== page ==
ANOTHER INCONVENIENT TRUTH: The Tragedy at Virginia Tech
ANOTHER INCONVENIENT TRUTH
The tragedy at Virginia Tech on April 16th, 2007 is no doubt on many of our minds. We struggle with the impossible task of trying to understand how such a horrific act of violence could occur on a beautiful, thriving college campus. Some of us have to try to explain this to our young children. We turn to the media for information, for facts, evidence, and perhaps, an explanation for something that is so difficult for us to comprehend.
As those who work in the media work tirelessly to gather information and share it with the public, we cannot help but notice that almost all of the attention thus far seems to be on individual, blame-centered explanations for why this troubled young man took his and 32 othersâ€™ lives. Certainly, this is understandable and necessary to help us to make sense of such incredulous violence. Yet, we wonder why not also focus on the larger, cultural, macrolevel factors that are common denominators in our nationâ€™s acts of mass murder in the workplace and in educational institutions?
We would like to raise our voices to encourage the media to follow one of the most important aspects of this story. One which can provide us with an understanding of this tragedy and a way in which we can create positive and necessary social change out of this tragic act. As professors of Sociology, we study and teach courses on Sex & Gender and Criminology. It is obvious to us that the time is now to face the issue of gender and gender based violence. This is not just a gun control or â€œhawk versus doveâ€ debate and this is not just a womanâ€™s issue. To quote Jackson Katz, an anti-violence educator who writes and lectures on gendered violence, â€œwe need to say this is a menâ€™s issueâ€, too (www.jacksonkatz.com).
In 2003, according the F.B.I.â€™s arrest-based Uniform Crime Reports, 90.1% of homicides were perpetrated by males and 77.5% of their victims were other males. The perpetrator of these violent acts at Virginia Tech was male. In fact, this crime is only the most recent of a long history of mass shootings committed by males in this country â€“ many of them committed by young men and boys at educational institutions. You may recall the stories: 2 killed and 7 wounded by 16 year old Luke Woodham in Pearl, Mississippi in 1997; 3 killed and 5 wounded by 14 year old Michael Carneal in West Paducah, Kentucky in 1997; 5 killed and10 wounded by 13 year old Mitchell Johnson and 11 year old Andrew Golden in Jonesboro, Arkansas in 1998; 2 killed and 22 wounded by 15 year old Kip Kinkel in Springfield, Oregon in 1998; 15 killed and 23 wounded by 18 year old Eric Harris and 17 year old Dylan Klebold in Littleton, Colorado in 1999; 2 killed and 13 wounded by 15 year old Charles Andrew Williams in Santee, California in 2001; 2 killed by 15 year old John Jason McLaughlin in Cold Spring, Minnesota in 2003; 10 killed by 16 year old Jeff Weisse in Red Lake, Minnesota in 2005; 6 killed and 5 wounded in an Amish school house by 32 year old Carl Roberts in Nickel Mines, Pennsylvania in 2006; 33 killed and 15 wounded by 23 year old Cho Seung-Hui in Blacksburg, Virginia in 2007. These are not the only stories of male-perpetrated gun violence, but those that received the most media coverage over that past decade. In the coverage of each of these stories, including the murders at Virginia Tech, the media has failed to appropriately address the fact that men and boys are committing these crimes. It is time for that to change.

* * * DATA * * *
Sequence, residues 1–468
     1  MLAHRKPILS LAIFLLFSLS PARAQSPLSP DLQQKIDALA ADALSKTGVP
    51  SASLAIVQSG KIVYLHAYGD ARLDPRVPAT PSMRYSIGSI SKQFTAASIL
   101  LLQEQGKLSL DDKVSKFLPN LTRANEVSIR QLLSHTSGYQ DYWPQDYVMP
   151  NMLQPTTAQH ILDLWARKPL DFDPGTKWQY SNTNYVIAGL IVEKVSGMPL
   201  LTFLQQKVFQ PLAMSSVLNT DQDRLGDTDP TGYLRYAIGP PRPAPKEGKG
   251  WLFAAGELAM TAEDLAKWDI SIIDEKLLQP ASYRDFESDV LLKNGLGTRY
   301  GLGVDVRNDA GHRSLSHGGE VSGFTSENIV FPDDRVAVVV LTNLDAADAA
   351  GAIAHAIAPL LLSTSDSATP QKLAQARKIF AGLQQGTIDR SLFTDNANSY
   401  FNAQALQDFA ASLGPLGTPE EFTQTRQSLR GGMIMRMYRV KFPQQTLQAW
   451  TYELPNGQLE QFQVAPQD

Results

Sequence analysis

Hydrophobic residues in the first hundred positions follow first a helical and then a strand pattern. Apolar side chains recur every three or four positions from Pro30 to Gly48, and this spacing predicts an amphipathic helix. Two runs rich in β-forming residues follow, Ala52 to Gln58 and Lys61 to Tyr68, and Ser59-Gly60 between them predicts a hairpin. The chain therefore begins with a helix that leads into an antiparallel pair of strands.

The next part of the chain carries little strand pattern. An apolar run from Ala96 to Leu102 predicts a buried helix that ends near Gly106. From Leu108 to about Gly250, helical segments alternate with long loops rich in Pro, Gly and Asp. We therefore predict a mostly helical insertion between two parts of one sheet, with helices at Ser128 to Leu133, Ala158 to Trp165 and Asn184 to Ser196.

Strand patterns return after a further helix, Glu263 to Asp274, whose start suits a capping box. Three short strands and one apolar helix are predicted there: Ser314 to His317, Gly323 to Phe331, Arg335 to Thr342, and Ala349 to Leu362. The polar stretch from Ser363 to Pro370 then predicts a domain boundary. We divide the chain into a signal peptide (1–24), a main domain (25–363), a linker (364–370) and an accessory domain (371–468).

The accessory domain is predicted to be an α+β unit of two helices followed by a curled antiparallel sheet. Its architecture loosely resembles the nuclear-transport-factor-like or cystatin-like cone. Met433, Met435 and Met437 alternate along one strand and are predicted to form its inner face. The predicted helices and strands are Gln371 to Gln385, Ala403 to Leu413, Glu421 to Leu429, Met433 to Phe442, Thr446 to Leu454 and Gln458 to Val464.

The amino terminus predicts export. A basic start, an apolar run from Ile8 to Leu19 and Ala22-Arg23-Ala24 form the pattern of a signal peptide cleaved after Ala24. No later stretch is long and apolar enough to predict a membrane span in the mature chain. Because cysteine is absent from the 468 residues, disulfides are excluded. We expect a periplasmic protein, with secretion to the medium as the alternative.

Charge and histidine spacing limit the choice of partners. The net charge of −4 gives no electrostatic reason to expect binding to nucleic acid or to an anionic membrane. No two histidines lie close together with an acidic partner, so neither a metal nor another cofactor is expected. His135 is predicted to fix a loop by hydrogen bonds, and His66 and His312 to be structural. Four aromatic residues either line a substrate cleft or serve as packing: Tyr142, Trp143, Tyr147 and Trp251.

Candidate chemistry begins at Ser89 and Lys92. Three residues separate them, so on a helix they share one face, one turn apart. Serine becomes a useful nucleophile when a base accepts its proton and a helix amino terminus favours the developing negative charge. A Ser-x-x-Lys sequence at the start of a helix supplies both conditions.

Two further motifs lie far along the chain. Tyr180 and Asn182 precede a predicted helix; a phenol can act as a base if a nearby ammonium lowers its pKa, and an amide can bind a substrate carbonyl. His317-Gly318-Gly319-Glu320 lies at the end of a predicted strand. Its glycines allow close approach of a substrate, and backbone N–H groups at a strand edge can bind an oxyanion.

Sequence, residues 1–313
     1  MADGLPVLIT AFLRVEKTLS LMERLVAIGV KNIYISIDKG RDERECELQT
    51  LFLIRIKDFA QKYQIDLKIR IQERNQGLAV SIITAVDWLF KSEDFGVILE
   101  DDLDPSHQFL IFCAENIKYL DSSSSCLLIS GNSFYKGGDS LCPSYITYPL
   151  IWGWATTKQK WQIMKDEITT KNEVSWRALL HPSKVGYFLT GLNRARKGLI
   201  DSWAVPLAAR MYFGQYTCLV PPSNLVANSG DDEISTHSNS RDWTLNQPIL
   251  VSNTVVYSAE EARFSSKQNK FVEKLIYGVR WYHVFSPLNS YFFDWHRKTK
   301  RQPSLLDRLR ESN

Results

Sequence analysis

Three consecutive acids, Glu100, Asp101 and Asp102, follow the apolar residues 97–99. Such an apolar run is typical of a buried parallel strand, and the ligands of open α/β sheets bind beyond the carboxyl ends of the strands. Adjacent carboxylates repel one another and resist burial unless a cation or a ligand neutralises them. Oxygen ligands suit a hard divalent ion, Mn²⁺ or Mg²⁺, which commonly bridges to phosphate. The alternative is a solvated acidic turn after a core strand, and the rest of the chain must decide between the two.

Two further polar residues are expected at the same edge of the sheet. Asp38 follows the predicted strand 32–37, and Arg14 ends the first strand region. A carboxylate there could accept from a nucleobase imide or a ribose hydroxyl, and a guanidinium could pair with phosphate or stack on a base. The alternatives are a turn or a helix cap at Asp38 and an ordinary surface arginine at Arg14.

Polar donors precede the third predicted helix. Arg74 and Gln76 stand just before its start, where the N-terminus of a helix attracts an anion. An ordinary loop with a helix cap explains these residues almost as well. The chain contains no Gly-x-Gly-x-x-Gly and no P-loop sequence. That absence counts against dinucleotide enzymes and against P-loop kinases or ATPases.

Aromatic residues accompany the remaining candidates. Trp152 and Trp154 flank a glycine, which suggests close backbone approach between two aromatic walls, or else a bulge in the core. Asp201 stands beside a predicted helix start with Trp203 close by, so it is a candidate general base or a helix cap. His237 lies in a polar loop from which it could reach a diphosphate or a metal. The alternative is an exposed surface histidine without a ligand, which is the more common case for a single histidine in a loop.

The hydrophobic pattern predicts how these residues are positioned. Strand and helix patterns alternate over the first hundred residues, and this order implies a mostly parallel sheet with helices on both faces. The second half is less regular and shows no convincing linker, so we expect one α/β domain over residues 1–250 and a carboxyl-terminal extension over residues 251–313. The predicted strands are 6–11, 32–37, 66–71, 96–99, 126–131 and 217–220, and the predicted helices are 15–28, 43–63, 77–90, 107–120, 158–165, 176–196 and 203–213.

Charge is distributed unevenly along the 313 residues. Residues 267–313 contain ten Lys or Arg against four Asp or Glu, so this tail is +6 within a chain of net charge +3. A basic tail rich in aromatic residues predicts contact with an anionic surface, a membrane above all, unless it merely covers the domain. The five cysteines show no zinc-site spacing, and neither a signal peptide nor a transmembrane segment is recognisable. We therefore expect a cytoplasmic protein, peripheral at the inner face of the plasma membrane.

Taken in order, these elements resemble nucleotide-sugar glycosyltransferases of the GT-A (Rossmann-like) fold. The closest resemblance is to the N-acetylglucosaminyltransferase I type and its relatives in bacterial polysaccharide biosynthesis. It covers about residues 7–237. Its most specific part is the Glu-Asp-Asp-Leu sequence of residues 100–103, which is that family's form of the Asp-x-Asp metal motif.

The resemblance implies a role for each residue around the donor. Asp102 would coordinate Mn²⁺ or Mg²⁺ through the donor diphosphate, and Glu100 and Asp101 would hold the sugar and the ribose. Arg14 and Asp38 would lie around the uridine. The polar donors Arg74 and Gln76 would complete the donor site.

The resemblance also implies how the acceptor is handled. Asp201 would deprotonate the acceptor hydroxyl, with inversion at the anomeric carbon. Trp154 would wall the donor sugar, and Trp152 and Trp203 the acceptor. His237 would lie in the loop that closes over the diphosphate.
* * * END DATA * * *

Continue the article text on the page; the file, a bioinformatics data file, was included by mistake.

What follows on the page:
Addressing the issue of male-perpetrated violence is not about blaming men, nor is it about locating the cause of violence in a biological explanation of aggression, given that the rates and contexts of male violence vary significantly across cultures and among individual males within them. It is also not about expensive, band-aid solutions such as metal detectors and armed security, over long-term, meaningful societal transformation. Rather, we must address the ways in which we socialize our young boys in our culture. Masculinity becomes associated with dominance, aggression, power and violence and these characteristics are encouraged, accepted and perpetuated. We have to stop believing that â€œboys will be boysâ€ who grow up to kill people with guns. Boys are taught, and they see, hear and live what they learn.
If these crimes had all been committed by young women, we would no doubt be asking ourselves â€œwhy?â€ How could a young woman perpetuate such an act of horrible violence against someone else? It would be even more unthinkable than it already is. Yet current social trends show that we are increasingly socializing our girls into more traditionally masculine characteristics as they seek to gain power and equality in our patriarchal society. As long as masculinity, and more importantly power, is associated with aggression and violence, it may be just a matter of time before females start lashing out in similar mass, destructive ways.
Well, we should be asking ourselves that same question now instead of ignoring the fact that these perpetrators are male. In doing so, we are accepting the association of aggression and violence with masculinity. That should be unacceptable to all of us â€“ men and women. We must stop ignoring the importance of gender socialization and its strong, consistent correlations with many forms of violent crime. We owe it to our sons and daughters to have this conversation and to start changing the way we raise our young men.